Friday, 30 September 2016

Brünnich's Guillemot, Anstruther, Fife - Monday 26th September 2016

Brünnich's Guillemot, Anstruther, Fife - Monday 26th September 2016

An interesting (if not controversial) bird, originally found on Sunday 25th September. It was still there on Monday morning, and the photos were looking promising to me (after some initial disquiet on Bird Forum and Twitter about some pale feathers on the face), so I took the afternoon off work and headed up.

When I arrived on the quayside I noticed a group of six birders on the end of the pier. I headed towards them, figuring they must be on the bird at close range; but I noticed an auk species down in the water not far from where I was stood. It was the Brünnich's Guillemot, not eight metres away, snoozing while drifting towards the beach. Clearly it had floated away from everyone and they were waiting for it to float back rather than chasing it.

Brünnich's Guillemot, Anstruther, Fife - Monday 26th September 2016

It was nice opportunity to note down some of the bird's features: It was a large, tubby bird, stouter than a Common Guillemot. The uppers were dark, mostly a dark slate-black but with a hint of brown, plus a few feathers with some pale fringes. The bill had an obvious pale tip, and was short, thick and rounded compared with a Common Guillemot's (Brünnich's Guillemots are also called Thick-billed Murres; whereas Common Guillemots are also called Thick-billed, or Common, Murres).

The head shape might not have been strikingly Brünnich's-like, but I understand the peaked forehead tends to be rounder during autumn/winter. Still, it didn't look as sleek as a Common Guillemot. The plumage on the head formed a dark hood over the eyes, with some white-fringed feathers behind the eye (more obvious on the right side). The white feathering on the lower part of the face extended in a thin line over the top of the bill. The bill had a thin white lateral stripe, more noticeable on the left side of the bill.

The underparts were pure white, except for a yellow are on the belly (possibly due to oiling?). The flanks were unstreaked, and when the bird was wing-stretching I could see the white sides extended up and on to the back. It had a mottled dark neck ring, and the white on the breast extended up to the chin in an obvious peak.The underwings looked white, including the axillaries, but it was difficult to be certain because of the heavy moult (the feathers looked quite waterlogged).

Brünnich's Guillemot, Anstruther, Fife - Monday 26th September 2016

I had a chat with others on the end of the pier. They'd all prolonged close views earlier, nearer the harbour mouth and hadn't moved as the bird had, so I wasn't missing something. Later I met Geoff Morgan (@morgithology) and we talked through the ID features of the bird. We both seemed happy enough. We also both noticed a couple of stray feathers came off the bird while it preened in front of us, each picked one out of the water - Geoff is sending these to Martin Collinson in Aberdeen for DNA analysis.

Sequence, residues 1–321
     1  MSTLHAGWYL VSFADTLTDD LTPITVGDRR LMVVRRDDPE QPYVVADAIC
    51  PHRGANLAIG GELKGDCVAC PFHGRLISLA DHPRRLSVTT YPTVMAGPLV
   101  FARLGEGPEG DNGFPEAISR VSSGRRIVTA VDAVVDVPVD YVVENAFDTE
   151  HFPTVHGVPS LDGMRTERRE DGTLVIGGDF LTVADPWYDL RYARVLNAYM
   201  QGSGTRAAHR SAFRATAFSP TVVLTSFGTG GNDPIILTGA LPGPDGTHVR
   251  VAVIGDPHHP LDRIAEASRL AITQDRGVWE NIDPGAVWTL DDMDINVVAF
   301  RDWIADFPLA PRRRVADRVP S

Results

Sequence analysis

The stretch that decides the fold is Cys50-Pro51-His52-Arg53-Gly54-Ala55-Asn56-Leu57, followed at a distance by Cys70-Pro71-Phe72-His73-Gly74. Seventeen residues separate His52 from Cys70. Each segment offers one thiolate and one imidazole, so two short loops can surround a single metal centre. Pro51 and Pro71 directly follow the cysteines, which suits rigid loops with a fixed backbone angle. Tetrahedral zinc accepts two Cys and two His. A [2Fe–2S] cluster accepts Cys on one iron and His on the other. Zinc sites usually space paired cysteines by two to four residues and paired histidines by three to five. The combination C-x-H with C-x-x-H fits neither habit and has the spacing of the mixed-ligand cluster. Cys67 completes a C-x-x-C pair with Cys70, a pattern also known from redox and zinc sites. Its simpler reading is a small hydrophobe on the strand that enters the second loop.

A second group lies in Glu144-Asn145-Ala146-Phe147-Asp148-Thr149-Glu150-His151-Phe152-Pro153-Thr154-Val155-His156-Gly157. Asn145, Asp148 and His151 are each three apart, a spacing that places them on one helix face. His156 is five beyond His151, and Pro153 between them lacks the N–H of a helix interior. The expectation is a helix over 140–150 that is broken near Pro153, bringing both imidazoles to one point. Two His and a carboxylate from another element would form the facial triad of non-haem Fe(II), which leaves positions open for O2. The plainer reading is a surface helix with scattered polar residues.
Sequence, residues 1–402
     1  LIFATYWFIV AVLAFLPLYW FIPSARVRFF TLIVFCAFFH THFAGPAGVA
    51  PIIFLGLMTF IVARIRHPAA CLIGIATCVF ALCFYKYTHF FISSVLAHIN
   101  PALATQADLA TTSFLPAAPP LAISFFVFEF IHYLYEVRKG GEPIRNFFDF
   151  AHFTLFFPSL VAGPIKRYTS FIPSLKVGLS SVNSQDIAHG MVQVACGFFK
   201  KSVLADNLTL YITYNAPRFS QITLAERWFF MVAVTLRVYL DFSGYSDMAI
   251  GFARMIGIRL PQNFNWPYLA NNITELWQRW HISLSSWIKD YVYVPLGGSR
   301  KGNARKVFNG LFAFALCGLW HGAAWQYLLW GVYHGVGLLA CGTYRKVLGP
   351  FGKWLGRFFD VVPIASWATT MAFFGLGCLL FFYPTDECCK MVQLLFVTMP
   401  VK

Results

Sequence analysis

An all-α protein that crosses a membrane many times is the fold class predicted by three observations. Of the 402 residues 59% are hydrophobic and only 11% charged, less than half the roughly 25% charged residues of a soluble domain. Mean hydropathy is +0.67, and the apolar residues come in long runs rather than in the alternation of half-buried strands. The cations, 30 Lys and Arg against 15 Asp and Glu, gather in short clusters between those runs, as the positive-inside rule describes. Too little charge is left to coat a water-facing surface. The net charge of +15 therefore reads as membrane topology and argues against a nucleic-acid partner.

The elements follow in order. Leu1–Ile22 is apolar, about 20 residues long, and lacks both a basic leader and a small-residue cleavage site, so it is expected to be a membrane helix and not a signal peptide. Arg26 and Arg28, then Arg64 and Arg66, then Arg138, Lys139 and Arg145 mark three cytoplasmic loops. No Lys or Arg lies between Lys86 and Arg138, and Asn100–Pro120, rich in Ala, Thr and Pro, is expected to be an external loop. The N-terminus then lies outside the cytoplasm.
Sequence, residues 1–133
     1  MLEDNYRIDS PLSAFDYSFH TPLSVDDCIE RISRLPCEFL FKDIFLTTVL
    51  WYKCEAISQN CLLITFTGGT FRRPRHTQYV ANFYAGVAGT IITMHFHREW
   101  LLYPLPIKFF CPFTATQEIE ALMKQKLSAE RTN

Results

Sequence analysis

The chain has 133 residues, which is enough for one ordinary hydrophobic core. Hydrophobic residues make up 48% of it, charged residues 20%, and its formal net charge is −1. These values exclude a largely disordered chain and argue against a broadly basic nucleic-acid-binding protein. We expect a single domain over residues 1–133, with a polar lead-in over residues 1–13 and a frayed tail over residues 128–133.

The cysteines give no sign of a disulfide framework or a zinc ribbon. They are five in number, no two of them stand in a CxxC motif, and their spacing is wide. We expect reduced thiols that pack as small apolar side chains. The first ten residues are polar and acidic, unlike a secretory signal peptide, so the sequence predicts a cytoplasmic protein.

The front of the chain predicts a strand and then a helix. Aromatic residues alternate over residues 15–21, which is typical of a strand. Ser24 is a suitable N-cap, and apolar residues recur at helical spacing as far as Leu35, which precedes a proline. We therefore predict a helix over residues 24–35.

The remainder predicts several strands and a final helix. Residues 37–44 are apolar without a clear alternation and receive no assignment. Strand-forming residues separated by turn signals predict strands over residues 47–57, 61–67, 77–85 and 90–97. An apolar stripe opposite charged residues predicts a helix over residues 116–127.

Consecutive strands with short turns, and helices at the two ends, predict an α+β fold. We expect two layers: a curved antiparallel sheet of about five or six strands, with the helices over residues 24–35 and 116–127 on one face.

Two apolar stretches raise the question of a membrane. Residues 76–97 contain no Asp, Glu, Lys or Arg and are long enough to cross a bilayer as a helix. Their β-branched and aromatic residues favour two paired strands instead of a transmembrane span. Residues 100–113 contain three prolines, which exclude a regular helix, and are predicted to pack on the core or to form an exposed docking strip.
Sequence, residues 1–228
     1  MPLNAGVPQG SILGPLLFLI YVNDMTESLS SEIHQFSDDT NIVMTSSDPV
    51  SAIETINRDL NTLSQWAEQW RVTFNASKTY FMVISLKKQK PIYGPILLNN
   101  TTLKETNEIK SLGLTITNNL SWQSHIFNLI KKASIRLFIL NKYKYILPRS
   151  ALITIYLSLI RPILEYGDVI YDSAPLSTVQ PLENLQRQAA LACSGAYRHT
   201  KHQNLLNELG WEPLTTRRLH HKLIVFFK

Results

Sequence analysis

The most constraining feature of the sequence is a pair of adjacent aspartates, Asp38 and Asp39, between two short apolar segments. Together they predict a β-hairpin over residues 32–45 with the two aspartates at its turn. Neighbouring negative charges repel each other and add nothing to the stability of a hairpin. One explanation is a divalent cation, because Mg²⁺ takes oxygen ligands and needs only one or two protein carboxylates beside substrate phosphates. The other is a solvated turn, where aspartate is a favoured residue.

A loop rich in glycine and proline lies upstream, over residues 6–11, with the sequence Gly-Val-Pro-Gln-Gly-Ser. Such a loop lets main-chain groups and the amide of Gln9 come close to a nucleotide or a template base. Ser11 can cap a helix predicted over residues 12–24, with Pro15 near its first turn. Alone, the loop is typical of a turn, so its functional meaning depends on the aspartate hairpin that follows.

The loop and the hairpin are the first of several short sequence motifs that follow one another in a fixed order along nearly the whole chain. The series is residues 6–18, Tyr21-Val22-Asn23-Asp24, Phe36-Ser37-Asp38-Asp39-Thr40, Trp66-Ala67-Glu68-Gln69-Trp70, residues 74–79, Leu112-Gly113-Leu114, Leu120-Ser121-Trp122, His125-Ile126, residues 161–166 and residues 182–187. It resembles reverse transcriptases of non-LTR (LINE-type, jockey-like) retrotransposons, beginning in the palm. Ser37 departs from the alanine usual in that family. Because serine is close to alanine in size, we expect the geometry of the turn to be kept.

I hung around until it was very nearly dark, with only a couple of other birders hanging around to the last. Unfortunately, the bird was found dead on the morning of Friday 30th September. There were a few clues which suggested it was unwell. It sat ridiculously high in the water at times, looking very bloated. Although it did use it's both its legs, it mostly used the left leg, and it had a list over to the right. The feathers looked in terrible condition - perhaps the bird had been oiled, which may also explain the yellow patch on the belly. Sad to hear of its demise. Martin Collinson now has the whole corpse to analyse...

 Anstruther Harbour, Fife - Monday 26th September 2016

I'd dipped the last twitchable Brünnich's Guillemot, at Portland harbour on New Year's Day 2014 - and that was probably the hardest dip I'd ever had. That bird was found on Boxing Day 2013, and was still present as the sun went down on New Year's Eve, so the odds on it still being present were pretty good...

The early start and long drive on 1st January wasn't pleasant, but it was the coming back empty-handed that was really disheartening. But, simply missing the bird wasn't why it was so hard to take. I'd put off going earlier in the week because we'd had family and friends staying, and New Year's Day was the first day of the holidays it was just me, my wife, and the kids in the house. Instead of spending that precious quality time with them, I'd gone on some fool's errand to not see a bird on the south coast. I had six-hour journey home to beat myself up about it and get some perspective. I still twitch, obviously, but I'm more thoughtful now, and always prioritise time with the kids.

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